Be open. Do you know and admire anyone who has a great job – go and talk to them about their work. Make appointments to meet people in roles that seem interesting to you, ask lots of questions, find out about possible work experience, project or contract work, or volunteer work you can do to trial your options. If you are lucky you may get an opportunity to hang around for a few hours watching them at work and learning more about what they do.
Check public sector options and the private sector. Look at different job ads on the internet. Explore websites like www.seek.com.au. Find out which roles have pre-requisite studies and see what is feasible for you to do full time or part time or online.
You need to get job descriptions, duty statements, salaries offered, job prospects and labour market information, educational and training requirements. Use the internet and read as much as you can about your options. Read up on best practice workplaces – what makes one place a fun place to work at while others are dreary and filled with politics and poor communication. Ask questions to find out why people in jobs are happy and why they are not.
Now match the two – what you need and want with what you know about jobs and careers. What is realistic and might work? What should be ruled out and never considered? You will be able to narrow down the list of options by eliminating ones with aspects to the job roles you would be unhappy and dissatisfied doing.
You may need to go back and learn more about yourself, or more about what is available to do a good job of this phase.
You might need to choose a short-term option and a longer-term option. You may decide you need to run parallel paths – for example being an artist or musician to satisfy your creativity and love of art or music, and at the same time having a “filler” career to earn money. Maybe you will build up a hobby and make it into your career.
You will need to narrow down your options and make an action plan of where to start, what studies to do, perhaps seek a work experience opportunity, and remember it’s OK to try a few different careers in your life. We no longer have to worry about short term roles on our CVs – it’s a time when we are honing our skills and gaining a variety of experience.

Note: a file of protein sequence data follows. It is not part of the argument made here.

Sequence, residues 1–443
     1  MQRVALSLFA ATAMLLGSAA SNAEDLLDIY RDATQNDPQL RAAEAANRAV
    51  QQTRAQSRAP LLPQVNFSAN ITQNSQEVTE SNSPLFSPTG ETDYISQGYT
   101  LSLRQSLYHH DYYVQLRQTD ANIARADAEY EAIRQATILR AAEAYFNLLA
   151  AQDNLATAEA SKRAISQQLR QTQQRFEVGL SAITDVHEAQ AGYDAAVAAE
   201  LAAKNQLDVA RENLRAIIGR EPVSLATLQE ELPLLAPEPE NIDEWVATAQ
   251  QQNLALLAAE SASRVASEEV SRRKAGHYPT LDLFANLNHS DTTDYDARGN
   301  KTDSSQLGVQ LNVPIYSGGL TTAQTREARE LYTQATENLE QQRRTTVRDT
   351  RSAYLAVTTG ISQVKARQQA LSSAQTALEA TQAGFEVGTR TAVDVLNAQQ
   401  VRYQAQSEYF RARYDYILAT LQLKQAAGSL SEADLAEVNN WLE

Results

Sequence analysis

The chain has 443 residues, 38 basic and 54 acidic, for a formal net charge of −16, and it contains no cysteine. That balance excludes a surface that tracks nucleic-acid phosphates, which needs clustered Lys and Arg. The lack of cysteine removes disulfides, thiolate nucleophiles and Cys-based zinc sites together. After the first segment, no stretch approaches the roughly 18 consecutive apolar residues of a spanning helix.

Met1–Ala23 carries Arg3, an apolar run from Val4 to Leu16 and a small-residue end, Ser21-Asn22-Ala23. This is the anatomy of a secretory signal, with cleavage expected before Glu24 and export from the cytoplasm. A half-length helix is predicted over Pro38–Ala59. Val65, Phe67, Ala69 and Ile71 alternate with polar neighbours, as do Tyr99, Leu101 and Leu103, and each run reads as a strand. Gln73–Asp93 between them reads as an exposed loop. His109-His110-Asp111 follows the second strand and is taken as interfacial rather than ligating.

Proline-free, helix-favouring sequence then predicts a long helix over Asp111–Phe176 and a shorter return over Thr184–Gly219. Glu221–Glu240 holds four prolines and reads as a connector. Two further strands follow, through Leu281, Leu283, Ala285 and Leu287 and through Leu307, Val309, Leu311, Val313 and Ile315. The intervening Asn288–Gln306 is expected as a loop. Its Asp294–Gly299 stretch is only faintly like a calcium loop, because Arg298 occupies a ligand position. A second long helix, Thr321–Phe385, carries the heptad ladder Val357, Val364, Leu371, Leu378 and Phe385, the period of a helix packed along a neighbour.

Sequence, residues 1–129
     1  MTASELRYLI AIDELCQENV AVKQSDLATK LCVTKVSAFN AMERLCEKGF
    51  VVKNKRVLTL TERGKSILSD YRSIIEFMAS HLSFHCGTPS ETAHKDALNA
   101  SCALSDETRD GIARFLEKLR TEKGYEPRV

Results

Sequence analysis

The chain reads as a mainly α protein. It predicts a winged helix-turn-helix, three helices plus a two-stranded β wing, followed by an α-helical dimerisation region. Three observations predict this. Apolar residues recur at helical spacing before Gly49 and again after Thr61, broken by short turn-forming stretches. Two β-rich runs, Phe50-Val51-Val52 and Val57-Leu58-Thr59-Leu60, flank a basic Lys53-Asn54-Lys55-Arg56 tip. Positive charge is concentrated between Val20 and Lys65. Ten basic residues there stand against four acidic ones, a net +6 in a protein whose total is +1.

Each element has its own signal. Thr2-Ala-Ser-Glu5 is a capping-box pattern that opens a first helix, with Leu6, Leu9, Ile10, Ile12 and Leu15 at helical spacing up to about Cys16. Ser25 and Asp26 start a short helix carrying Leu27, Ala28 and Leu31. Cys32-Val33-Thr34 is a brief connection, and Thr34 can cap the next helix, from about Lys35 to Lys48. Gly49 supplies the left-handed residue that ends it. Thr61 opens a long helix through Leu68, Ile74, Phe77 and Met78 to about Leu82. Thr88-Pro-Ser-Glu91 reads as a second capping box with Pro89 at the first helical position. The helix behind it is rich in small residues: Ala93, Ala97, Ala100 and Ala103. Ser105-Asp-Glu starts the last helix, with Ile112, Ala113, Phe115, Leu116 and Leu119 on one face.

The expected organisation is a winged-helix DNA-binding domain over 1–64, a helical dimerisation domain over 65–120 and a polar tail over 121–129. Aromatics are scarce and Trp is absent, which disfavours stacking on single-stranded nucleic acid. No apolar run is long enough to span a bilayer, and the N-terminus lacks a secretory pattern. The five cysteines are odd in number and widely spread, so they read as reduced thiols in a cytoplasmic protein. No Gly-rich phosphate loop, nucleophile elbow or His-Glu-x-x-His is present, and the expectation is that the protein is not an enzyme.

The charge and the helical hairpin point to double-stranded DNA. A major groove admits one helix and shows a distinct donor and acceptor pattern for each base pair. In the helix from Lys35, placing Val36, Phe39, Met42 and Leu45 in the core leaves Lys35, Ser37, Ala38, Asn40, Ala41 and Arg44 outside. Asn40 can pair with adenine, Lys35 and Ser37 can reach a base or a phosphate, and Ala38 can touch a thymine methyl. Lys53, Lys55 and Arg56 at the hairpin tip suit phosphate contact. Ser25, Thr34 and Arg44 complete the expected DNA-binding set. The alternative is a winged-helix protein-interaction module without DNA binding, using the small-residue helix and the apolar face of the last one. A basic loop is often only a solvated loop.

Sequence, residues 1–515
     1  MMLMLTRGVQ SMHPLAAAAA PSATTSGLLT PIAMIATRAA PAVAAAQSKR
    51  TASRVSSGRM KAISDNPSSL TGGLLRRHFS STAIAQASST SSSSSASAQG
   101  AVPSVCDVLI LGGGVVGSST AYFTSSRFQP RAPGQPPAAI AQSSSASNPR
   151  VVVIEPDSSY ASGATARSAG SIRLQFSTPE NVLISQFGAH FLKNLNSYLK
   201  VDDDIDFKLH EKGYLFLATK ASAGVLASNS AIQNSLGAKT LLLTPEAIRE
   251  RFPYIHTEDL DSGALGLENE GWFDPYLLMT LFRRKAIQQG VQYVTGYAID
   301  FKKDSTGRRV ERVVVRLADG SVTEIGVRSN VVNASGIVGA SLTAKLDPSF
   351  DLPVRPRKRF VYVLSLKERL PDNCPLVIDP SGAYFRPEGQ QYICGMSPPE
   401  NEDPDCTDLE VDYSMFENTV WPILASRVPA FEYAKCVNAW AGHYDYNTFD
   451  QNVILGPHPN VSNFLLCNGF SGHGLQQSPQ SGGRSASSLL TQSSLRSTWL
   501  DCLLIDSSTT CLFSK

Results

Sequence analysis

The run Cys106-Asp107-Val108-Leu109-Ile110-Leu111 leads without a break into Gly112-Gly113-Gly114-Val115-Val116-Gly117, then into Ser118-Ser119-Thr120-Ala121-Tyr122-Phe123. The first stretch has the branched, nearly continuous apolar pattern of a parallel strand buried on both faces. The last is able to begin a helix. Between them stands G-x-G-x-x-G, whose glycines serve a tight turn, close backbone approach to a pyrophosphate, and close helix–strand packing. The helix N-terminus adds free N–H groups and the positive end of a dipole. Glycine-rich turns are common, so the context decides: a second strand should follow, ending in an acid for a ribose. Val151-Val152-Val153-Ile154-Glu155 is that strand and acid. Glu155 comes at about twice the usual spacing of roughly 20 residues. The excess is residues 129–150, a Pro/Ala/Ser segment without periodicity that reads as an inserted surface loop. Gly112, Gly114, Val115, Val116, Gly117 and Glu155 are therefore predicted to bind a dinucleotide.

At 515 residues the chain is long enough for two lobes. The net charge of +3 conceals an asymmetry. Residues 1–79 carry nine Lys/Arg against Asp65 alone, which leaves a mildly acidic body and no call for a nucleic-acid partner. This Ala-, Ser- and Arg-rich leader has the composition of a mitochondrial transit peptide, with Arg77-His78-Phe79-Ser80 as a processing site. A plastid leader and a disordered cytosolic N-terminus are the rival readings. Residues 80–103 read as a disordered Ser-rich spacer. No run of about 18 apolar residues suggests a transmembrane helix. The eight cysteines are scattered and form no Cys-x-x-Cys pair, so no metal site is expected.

Set your goals and act on them. This may be a long process – over years while you undertake studies to achieve a certain qualification. You may need to persist with a job search, you will need a fresh resume and a great covering letter once you are ready. And you need positive thinking!
Career choice takes time – and even a careers counsellor can’t tell you what you are best suited to. Don’t feel because you have studied for one career or worked in one industry for many years you will be throwing away valuable skills. Skills and knowledge are so often transferable.
Advantages of already working in one career
Many people say that it is “too late” to consider a new career once they have a job that was hard to get, or where they are being paid reasonably well, or where there seem to be few opportunities. They often feel, especially if they have chosen a public sector role, that their options are now limited, which is not true.
They know their needs better and may have more to draw on when looking at their strengths.
Some have limited views of their skills – they must realistically evaluate these. Gain information from colleagues on what they see as your strengths, or do a 360 degree feedback assessment of your skills.
Reality may be disappointing, expectations may not match the job market. So be prepared to do anything relating to the desired career. The goal and desired job can come after recognition. Take on extra work, promote yourself, and seize opportunities for promotion. Or take a risk – start your business and go for it. Be determined!
Eve Ash is a psychologist and co-author of Rewrite Your Life! (Penguin) and managing director of Seven Dimensions, and producer of Career Planning (Take Away Training series) www.7dimensions.com.au
To read more Eve Ash blogs, click here